Investors' attention will turn to second quarter results to dictate movement of local markets, particularly from Saudi Arabia and Qatar.
Saudi Arabia and Qatar to set the tone
Traders will look towards second-quarter results for direction this week as macroeconomic factors including the Greek debt crisis recede and play a diminishing role in decision making.
Companies in Saudi Arabia and Qatar are among the first to report earnings so the markets in both countries will be of particular interest.
Both markets are also home to some of the largest companies in the Gulf, such as the petrochemicals giant Saudi Basic Industries Corporation and Qatar National Bank (QNB), the region's largest lender.
QNB last week reported estimate-beating second-quarter results with a profit of 1.8 billion rials, an increase of 25.8 per cent on the same period last year.
The wider Qatari benchmark, the QE Index, advanced 3.6 per cent last week to close at 8,502.49 points. That is despite worries over whether banks' profitability will be affected by an order from Qatar's central bank in February to shut down Islamic banking operations by the end of this year.
In Saudi Arabia, analysts said lending growth would act as a key test of the rate of recovery now that bad loan provisions are largely behind the sector.
The Saudi Tadawul All-Share Index rose 0.24 per cent to 6,628.30 points yesterday.
Over the weekend, second-quarter results from Almarai, Saudi Arabia's largest food producer by market value, and Arriyadh Development, a property company, boosted trading on the market.
Almarai reported a 1.8 per cent rise and Arriyadh a 24 per cent increase in net earnings for the second quarter, compared with the same period last year.
Yesterday Almarai fell 0.3 per cent to 96.5 riyals, while Arriyadh edged 0.7 per cent higher to 15riyals.
Market commentators said the better news from Greece and the likelihood of improved economic data from other countries after recent weakness would lead to recovery in markets.
"Local equities could show some strong performance into the end of the year," said Gary Dugan, the chief investment officer at Emirates NBD's private banking unit.
"We also expect local equities to gain increasing support from international investors," Mr Dugan wrote in a note to investors.
He said if the index compiler MSCI decided to upgrade the UAE to emerging-market status then the cheapness of Dubai stocks, which are trading at a price-to-earnings multiple of 8.5 compared with 11.1 for the whole emerging market index, "would not be lost on international investors".
Trading on the Dubai Financial Market has been subdued in the past few weeks and ended last week 0.4 per cent higher at 1,557.85 points.
Analysts will also turn to Abu Dhabi's heavyweight banks as a source of solid earnings results. The sector has drawn buying interest in the past few weeks in anticipation that the capital's banks will perform better than Dubai's because of strong support from the Government.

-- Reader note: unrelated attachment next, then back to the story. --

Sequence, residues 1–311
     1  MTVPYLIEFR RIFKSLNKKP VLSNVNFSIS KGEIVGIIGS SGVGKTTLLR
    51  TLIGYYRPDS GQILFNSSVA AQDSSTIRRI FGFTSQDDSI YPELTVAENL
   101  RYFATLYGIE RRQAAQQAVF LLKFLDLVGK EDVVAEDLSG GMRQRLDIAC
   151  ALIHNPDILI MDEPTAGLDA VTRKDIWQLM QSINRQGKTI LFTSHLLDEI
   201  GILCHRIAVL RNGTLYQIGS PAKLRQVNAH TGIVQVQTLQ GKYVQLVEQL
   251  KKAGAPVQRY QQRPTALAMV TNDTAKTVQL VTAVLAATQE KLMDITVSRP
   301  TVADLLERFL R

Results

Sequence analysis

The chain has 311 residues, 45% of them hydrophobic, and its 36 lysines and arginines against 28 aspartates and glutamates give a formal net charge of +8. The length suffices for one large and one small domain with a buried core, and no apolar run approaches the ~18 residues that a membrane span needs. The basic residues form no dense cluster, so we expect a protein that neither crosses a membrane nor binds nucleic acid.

Although problem loans at UAE banks increased to 8.3 per cent last year from 4.9 per cent in 2009, including the exposure to Dubai World's US$24.9 billion debt restructuring, the exposure of Dubai banks to government-related entities will lead to increased non-performing loans (NPLs) compared with Abu Dhabi, Moody's ratings agency wrote in a note.
But the note added that NPLs were expected to peak this year at 6 per cent to 8 per cent in Abu Dhabi and 11 per cent to 14 per cent in Dubai, citing the upcoming Dubai Holding $10bn debt restructuring as a significant contributor.
Abu Dhabi Islamic Bank is trading at its highest point since October 2008, at Dh3.46 a share, while Abu Dhabi Commercial Bank is also near a two-year peak at Dh3.28.
First Gulf Bank, the country's second-largest bank by assets, has steadily edged higher since the lows reached at the end of 2008, but last week dipped 1.7 per cent to Dh17.65. Union National Bank, another of the capital's big lenders, ended the week 0.3 per cent higher at Dh3.63.
The Abu Dhabi Securities Exchange (ADX) General Index closed flat at 2,714.77 points on Thursday, but analysts forecast the market will break above this level if the capital's banks report good earnings.
Amjad Baker, the trading manager and technical analyst at Wafa Financial Services in Abu Dhabi, said he expected the ADX to rally if it closed above 2,729 points.
"If we get a strong performance from banks in Abu Dhabi, I'm expecting the market to rise to 2,777 points, or by 50 points or so, if we break this point," he said.
Political and economic developments in Egypt will keep traders focused on Cairo's benchmark index, the EGX 30, which has been subject to volatile trading.
The Egyptian Exchange closed 0.8 per cent higher at 5,360.34 points on Thursday before Friday's demonstrations, when tens of thousands of protesters took to the streets. Market commentators are still wary of what has been regarded as a painfully slow recovery for the North African country's economy.
In a surprise move, Egypt rejected international aid from the IMF and World Bank in favour of packages from its Arab neighbours. Ann Wyman, the head of emerging markets research at Nomura, said the market "seems to be taking the rejection of the IMF funds and increased political noise in its stride" but added that the trial of the former president Hosni Mubarak scheduled for next month could be "another lightning rod" for the fragile economy.
"The lack of transparency around how and when funding may be released from Gulf lenders and donors could also create some uncertainty in the market," Ms Wyman said.